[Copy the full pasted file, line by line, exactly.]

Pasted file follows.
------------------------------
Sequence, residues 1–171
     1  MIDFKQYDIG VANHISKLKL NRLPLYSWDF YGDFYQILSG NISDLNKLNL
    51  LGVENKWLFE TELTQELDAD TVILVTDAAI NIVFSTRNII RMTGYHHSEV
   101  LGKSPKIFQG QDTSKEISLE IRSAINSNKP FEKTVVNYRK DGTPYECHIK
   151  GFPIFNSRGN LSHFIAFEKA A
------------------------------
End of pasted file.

Sequence, residues 1–171
     1  MIDFKQYDIG VANHISKLKL NRLPLYSWDF YGDFYQILSG NISDLNKLNL
    51  LGVENKWLFE TELTQELDAD TVILVTDAAI NIVFSTRNII RMTGYHHSEV
   101  LGKSPKIFQG QDTSKEISLE IRSAINSNKP FEKTVVNYRK DGTPYECHIK
   151  GFPIFNSRGN LSHFIAFEKA A